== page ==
Direction Magazine Jan 2016

In Direction Issues by Peter WrefordLeave a Comment

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EDITORIAL
John Glass on meaning every word

1,300 YOUNG PEOPLE GATHER
A special report on Gathering 100, a highlight of Elim’s centenary celebrations

NEWS from Elim and the wider church

OUT AND ABOUT WITH THE GS
John Glass opens his diary in New Zealand

THE STORY OF A PASTOR’S WIFE
Val Reynolds shares what she has learned as a pastor’s wife in a book to help others

REAL JOY IS JESUS OVER YOU
God never intended us to deal with difficult situations ourselves, writes Lynda Heron

WHY I STUDY GOD’S GENERALS
Author Roberts Liardon explains why he writes about Christianity’s greatest heroes

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HELPING PASTORS’ JOURNEYS
Elim couple David and Sheila Crabb have launched a pastoral care service

MEET ELIM’S UNSUNG HEROES
We introduce the people who work so hard at Elim International Centre

THE DIRECTIVE TO ALL CHRISTIANS
Alistair Cole examines the ways we can approach God so he speaks into our lives

EVERYTHING IS IN GOD’S HANDS
England Women’s footballer Eniola Aluko says she has learned sport isn’t everything

LEAVING A LEGACY IN EDUCATION
Dominic De Souza explains why Letchworth Elim launched a school

ACADEMY TO CHALLENGE LEADERS
Elim’s new academy aims to grow a culture of continual learning, writes Dave Newton

Lynda Heron

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MUSIC REVIEWS with Ian Yates

FELLOWSHIP FINDER

DISCERNMENT NEEDED OVER AI
Lyndon Bowring warns of the dangers that robots may bring in the future

FULL STEAM AHEAD FOR THE MEN
Mark Lyndon-Jones looks at MPower’s successes and the events planned for 2016

NO ONE IS OUT OF GOD’S REACH
Watch out for those moments when God moves in a sovereign way, says Carl Beech

BOOKCASE with Richard Dodge

ANSWERS with Phil Weaver

CLASSIFIED ADVERTISING

AND FINALLY with John Lancaster

Dominic De Souza

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John Glass editorial

Over 50 million amateur photographers around the world share their photos on Flickr – a site that welcomes comments from fellow photographers and where each picture is usually accompanied by a description of its context.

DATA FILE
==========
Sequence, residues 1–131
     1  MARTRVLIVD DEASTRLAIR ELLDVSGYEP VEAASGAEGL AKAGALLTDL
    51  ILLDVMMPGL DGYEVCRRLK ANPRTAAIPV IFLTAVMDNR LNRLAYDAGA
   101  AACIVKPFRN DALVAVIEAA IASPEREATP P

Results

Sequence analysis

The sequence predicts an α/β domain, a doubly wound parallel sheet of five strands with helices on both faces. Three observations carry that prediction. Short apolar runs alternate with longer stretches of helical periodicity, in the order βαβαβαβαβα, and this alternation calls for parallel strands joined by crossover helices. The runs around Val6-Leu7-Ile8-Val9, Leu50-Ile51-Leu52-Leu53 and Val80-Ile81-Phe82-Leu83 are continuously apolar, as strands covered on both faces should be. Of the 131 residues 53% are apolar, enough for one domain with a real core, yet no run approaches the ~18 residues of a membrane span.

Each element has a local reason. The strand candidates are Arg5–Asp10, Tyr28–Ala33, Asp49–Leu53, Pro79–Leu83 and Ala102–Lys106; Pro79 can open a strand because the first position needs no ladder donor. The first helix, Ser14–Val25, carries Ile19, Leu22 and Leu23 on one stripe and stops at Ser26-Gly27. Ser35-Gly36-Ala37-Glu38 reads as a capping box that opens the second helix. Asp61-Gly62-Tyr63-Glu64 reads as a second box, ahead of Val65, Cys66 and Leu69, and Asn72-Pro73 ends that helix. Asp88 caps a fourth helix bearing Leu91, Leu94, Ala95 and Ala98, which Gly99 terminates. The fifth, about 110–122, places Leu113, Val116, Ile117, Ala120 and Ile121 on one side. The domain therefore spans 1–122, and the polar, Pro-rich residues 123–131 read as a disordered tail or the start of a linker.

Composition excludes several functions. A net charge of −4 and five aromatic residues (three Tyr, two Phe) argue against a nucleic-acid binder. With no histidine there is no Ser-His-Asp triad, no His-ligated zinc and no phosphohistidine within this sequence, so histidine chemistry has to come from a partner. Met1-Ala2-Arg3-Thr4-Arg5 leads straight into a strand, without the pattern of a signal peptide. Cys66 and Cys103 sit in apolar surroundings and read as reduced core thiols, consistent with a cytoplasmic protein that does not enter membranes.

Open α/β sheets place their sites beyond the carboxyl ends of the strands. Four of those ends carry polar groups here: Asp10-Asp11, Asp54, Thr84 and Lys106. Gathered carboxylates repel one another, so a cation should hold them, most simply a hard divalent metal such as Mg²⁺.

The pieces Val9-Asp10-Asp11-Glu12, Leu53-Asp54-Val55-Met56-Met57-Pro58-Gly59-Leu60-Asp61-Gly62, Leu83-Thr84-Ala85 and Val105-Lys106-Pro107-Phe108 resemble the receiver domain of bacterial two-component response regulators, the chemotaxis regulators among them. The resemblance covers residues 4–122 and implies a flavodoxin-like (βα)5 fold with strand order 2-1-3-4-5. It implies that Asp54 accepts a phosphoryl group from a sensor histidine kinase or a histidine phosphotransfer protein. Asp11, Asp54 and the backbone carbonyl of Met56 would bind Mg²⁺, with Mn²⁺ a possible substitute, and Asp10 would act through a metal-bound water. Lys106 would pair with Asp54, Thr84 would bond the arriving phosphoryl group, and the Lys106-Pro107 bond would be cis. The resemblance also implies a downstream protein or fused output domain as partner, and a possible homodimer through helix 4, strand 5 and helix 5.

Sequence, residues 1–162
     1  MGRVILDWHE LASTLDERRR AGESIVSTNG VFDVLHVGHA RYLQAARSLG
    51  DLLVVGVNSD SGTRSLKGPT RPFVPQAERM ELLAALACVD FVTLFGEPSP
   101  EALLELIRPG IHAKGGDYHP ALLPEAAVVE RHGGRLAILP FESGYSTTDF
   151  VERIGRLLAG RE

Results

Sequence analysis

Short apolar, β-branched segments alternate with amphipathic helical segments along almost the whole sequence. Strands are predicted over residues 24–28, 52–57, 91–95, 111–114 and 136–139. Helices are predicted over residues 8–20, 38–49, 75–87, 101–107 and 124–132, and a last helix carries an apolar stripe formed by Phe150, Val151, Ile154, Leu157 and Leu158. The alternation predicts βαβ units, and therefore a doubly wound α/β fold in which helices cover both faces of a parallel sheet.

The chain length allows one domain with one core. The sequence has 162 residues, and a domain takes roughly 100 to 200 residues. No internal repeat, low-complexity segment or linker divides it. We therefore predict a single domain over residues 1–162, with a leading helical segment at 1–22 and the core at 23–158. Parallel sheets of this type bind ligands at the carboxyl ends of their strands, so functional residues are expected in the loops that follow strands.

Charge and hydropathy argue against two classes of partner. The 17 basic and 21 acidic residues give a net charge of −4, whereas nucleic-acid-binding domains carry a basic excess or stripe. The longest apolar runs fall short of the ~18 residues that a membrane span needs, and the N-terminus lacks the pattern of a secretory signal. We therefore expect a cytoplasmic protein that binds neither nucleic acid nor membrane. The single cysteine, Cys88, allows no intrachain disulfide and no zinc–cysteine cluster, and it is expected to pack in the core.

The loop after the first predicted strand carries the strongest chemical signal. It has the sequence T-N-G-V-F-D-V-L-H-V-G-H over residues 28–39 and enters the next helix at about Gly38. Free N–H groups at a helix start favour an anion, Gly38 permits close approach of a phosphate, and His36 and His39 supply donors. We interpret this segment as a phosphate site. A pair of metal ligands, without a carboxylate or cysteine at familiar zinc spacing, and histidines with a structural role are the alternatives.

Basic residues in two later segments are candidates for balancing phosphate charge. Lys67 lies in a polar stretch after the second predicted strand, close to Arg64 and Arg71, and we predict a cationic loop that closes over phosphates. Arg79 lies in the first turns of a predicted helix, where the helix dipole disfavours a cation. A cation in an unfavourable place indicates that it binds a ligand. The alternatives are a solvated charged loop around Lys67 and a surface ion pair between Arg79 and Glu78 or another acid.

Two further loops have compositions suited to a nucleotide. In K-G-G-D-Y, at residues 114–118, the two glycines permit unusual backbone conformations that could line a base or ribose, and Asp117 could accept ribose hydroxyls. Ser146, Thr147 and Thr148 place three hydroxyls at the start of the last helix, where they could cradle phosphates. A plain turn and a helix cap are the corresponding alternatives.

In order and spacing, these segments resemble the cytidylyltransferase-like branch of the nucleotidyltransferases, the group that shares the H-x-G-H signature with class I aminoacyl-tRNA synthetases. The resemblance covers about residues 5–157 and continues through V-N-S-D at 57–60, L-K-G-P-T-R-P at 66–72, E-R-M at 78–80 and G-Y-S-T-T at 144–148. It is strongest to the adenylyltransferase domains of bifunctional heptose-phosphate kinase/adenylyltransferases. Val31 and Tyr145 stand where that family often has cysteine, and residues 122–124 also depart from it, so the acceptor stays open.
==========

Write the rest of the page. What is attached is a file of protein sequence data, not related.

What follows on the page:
A few years ago someone I know in the States posted a picture of their dog. I made a brief two-word comment but did not take the time to read the paragraph beneath it. Some time later I came back to the photo and was horrified to see what had been written. The dog was a long time family pet that had suffered a bad accident on their farm and, as no vet was accessible, their only recourse was to take a pistol to end its misery. In retrospect my comment on the photo before reading the caption of ‘great shot’ was perhaps not the best I might have used! Of course, I later apologised.

I wonder how many times a week an atheist says the word ‘goodbye’. It’s a phrase that only came into the English language in the late 16th century and is contraction of the phrase, ‘God be with you’. Words matter.

There are many sentences said unthinkingly or in haste that can lower the value of the expression. Too much money circulating in the economy means that the value of Sterling drops – so too with sentiments expressed too glibly.

How many times have we seen on Facebook someone sharing a major personal trauma that attracts a cascade of ‘praying for you’ comments that can mean anything from an upward glance to a half night of prayer.

A worthy New Year resolution might be to beware of what Jesus called in Matthew 12:36 ‘idle words’ – words that should work but don’t. Jesus cursed the fig tree because it promised more than it advertised. Expectantly foraging behind the foliage that promised produce, Jesus was left empty handed. Televangelists take heed.

Some readers may have heard me tell the story of a visiting preacher who turned off the overhead projector in the middle of a particularly long worship time, much to the amazement of the local pastor and the chagrin of the worship leader, to ask the congregation if any of them could remember the last but one song. No one could. He produced the acetate (how many of us remember them) and displayed a song in the vein of ‘All To Jesus I Surrender’ that had been forgotten almost before the decibels had drained away.

We expect our heavenly father to stand by his words, and consequently he expects us, as his children, to live by the same family rules. Ecclesiastes 5:2-6 is challenging at the best of times but especially pointed in The Message. So when I say, Happy New Year, I really do mean it – every syllable.

May 2016 prove to be a year of blessing, encouragement and affirmation for you and for all those you love. And may you experience the joy that comes with knowing that the God we serve will always keep his word.

John Glass
General Superintendent
Elim Pentecostal Churches

Direction Magazine

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